The Spearfishing Championship took place at Taupo lake, a volcanic one, in New Zealand the 9th and 10th of March.The competition involved just the catfish due to the fact that it’s festering fish because it eats the eggs of the others spices. It lasted two day: in the first one we took 36 fishes and in the second 28 gaining the second position in our category. Something really strange was their way of fishing: spearfishing. And that was our difficulty because we always use the rifle, even during the competition.We were proud for our result (because we didn’t use their equipment) and especially for the warm reception from all the teams and even the American ambassador wanted our t-shirt as a gift.During our stay we visited all the city and we rented a camper in order to fish in the ocean. Since I was a child I always wished to visit the other part of the world and this completion has been the opportunity to realize it and to meet people from different part of the world with same passion of mine and with them we created a very strong friendship and we still keep in contact.I will be the first registered for your competition in Arkansas!See you soon, a kiss to everybody.
Team NZ: Nat Davey
n New Zealand we have a competition called the Catfish cull that is a fun comp that allows the competitors of all ages to go out and kill as many Catfish as you possibly can in a area of our biggest lake. The first year I competed in in the cull (2018) was the first year in the history of the cull the fishing had been hard, only a quarter of the normal catch per team as normal. At the prize giving Moss and myself came in forth only 4 fish behind the winning pair, we where happy with that as it was only my first time chasing these small fish. At the end of the prize giving there was an announcement that the results from this comp would be added to the 2019 comp results and ranked to make the team for the World freshwater champs to be held here in March 2019. Cool now we had a goal for next year, to do well and make the team.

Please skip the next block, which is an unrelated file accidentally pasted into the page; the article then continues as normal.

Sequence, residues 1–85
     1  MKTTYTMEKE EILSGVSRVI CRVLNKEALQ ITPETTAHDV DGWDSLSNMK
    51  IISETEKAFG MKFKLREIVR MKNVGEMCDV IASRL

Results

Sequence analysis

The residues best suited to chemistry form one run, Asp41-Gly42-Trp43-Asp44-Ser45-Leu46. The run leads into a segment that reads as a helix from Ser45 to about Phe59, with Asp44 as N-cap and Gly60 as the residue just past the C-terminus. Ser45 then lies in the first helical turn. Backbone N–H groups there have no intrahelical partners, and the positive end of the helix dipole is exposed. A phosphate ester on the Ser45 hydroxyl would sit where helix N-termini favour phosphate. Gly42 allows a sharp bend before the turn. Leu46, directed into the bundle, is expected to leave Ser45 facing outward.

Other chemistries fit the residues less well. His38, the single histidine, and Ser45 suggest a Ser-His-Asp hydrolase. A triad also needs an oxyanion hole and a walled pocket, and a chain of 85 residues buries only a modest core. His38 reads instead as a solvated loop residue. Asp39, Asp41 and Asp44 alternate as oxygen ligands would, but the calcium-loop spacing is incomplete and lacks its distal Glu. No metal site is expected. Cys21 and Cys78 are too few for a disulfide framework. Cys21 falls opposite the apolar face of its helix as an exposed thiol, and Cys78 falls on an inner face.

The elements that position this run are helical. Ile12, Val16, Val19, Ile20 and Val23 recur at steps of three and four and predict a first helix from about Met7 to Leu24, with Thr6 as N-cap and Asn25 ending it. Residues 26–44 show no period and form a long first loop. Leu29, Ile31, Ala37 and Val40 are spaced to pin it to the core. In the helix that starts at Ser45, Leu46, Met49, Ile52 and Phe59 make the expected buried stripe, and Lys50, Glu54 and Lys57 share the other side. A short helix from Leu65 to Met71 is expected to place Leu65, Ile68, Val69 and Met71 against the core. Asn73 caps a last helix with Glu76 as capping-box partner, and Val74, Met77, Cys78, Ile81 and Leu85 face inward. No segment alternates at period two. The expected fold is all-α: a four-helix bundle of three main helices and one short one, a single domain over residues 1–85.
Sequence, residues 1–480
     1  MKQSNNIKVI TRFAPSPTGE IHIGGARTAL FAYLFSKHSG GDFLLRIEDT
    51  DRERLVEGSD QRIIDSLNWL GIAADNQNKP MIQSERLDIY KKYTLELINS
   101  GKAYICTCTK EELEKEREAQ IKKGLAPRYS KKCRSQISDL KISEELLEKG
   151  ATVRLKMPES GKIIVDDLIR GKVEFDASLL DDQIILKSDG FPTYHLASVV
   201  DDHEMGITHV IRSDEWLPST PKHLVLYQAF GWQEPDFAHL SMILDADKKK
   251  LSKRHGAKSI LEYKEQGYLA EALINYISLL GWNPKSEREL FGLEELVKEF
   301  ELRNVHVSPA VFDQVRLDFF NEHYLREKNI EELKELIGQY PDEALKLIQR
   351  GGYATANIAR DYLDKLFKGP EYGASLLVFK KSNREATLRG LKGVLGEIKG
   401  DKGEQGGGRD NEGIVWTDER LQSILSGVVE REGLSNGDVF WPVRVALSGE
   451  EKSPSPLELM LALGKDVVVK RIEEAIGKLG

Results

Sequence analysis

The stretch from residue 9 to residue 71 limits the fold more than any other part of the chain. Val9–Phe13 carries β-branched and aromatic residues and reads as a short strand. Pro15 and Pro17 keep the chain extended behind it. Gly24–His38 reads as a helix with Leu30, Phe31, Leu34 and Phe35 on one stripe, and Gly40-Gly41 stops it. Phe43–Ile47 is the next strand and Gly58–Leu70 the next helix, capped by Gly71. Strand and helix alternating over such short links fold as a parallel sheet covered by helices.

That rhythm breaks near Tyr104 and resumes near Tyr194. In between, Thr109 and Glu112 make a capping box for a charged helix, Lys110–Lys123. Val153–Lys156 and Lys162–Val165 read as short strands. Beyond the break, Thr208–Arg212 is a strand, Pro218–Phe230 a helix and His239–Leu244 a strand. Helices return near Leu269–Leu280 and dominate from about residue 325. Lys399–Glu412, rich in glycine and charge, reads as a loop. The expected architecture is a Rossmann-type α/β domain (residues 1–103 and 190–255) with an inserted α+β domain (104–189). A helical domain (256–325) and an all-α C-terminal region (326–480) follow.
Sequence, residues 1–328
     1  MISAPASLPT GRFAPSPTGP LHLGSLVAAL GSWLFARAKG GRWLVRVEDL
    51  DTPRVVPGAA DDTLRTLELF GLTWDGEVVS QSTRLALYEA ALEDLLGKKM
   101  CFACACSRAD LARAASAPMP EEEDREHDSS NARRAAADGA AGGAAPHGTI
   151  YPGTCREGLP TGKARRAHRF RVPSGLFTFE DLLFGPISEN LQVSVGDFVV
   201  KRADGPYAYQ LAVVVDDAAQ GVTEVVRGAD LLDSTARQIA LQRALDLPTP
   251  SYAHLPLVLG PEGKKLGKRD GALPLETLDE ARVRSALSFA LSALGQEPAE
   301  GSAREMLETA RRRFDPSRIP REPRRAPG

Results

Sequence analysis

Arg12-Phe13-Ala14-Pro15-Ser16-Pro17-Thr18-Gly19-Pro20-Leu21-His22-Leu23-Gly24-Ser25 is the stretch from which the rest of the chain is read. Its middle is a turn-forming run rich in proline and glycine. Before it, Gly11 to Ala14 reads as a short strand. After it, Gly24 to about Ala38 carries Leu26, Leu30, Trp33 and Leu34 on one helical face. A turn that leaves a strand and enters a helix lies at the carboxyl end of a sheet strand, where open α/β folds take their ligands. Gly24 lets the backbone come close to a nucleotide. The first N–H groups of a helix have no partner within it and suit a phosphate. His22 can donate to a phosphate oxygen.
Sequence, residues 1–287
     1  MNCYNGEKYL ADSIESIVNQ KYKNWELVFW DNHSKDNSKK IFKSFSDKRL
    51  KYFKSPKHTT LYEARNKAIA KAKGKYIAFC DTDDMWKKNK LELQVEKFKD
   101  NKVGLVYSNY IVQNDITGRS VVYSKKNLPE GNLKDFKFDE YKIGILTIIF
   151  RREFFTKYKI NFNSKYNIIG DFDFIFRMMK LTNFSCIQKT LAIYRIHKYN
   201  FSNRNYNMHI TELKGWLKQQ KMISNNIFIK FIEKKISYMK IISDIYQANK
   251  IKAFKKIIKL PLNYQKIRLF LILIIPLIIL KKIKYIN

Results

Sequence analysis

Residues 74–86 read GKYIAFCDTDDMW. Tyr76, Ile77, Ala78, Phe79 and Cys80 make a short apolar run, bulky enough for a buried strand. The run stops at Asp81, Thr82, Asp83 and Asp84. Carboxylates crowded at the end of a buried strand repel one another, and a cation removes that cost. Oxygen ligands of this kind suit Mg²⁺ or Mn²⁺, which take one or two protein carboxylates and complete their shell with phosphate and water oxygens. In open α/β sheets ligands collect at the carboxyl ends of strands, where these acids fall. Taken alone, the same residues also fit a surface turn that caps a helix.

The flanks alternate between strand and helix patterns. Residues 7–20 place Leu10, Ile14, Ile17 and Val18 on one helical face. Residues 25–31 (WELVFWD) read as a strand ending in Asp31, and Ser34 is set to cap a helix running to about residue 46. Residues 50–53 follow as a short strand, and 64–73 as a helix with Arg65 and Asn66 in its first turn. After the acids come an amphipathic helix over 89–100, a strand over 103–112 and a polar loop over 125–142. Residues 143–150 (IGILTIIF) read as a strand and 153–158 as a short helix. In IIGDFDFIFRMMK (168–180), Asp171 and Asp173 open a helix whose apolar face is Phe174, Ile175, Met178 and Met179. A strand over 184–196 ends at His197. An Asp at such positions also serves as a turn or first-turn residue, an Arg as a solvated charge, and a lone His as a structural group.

February 2019 comes around and Moss and myself swam hard and learned a lot and came in forth again. We where stoked we had qualified for the NZ team.
March 2019, we turned up a couple of days before the comp and where told the area, which was the same area as we had just dived a month beforehand but smaller. Great for us as we knew the area so scouting wasn’t full on. We saw a few fish but knew it was going to be hard going.
The day before the comp we got to meet the other competitors, great to see so many from overseas.
On the first day of the comp Moss and myself where standing on the foreshore and came up with a plan, swim further than anyone else and we should be able to shoot more fish than anyone else. Big plan but doable. It was a long 6 hours in the water and around 8 to 10kms swam and nearly 200dives each we ended up with 78 Catfish in the float boat. At the weigh in we where over the moon to be leading and leading well.
We knew the second day was going to be hard as it was the same area. We knew that some divers weren’t even going to shoot a fish on the second day with that decision, so we where going to have to dive harder and swim further than the first day and get very lucky.
Day 2, fishing was hard, very very hard and boy did we swim. We got 35 fish that day and came in third we where happy but one team had a very good day and nearly caught us in the end. It only came down to one fish in the end. We where very proud to take the title home.
It was great to see so many overseas competitors come over to New Zealand and push us hard to chase a small little fish.
We look forward to bringing the title over with us for the next World Champs in 2021, Beaver Lake Arkansas.